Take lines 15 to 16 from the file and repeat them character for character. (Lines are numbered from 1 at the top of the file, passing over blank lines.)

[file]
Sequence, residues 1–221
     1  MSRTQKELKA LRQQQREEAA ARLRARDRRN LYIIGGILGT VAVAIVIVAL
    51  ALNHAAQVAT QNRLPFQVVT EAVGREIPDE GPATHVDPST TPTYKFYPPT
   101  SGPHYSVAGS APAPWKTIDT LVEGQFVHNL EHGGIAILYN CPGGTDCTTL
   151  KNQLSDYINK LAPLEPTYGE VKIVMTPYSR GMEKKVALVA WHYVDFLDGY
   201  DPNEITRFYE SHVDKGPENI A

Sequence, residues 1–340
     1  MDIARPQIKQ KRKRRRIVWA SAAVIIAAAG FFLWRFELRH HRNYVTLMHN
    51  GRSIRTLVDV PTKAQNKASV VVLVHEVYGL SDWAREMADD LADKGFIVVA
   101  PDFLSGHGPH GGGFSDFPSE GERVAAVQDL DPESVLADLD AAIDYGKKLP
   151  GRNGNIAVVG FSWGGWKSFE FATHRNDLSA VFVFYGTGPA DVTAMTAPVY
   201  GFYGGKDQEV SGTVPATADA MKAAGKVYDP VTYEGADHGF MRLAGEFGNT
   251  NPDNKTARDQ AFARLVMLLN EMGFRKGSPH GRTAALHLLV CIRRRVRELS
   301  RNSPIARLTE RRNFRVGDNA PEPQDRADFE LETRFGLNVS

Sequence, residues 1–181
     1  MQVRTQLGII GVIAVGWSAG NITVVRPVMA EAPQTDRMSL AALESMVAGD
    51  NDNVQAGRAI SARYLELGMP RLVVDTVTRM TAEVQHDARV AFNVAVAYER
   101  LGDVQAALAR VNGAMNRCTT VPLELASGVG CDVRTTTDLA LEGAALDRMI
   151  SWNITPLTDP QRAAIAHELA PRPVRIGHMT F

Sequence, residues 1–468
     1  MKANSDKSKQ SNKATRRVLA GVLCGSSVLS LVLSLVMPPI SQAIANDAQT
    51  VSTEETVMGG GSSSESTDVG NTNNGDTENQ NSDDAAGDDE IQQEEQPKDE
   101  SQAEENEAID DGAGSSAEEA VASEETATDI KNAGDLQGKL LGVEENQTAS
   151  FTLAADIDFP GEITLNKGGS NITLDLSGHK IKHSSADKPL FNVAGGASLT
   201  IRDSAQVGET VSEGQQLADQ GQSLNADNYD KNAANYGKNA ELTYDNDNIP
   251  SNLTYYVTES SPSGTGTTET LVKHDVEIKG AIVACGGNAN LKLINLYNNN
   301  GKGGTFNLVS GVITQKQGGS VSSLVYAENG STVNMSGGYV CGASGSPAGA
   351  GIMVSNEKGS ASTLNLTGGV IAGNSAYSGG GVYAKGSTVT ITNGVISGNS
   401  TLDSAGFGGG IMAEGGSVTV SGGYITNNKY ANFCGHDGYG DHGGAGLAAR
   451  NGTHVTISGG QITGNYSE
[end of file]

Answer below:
Sequence, residues 1–181
     1  MQVRTQLGII GVIAVGWSAG NITVVRPVMA EAPQTDRMSL AALESMVAGD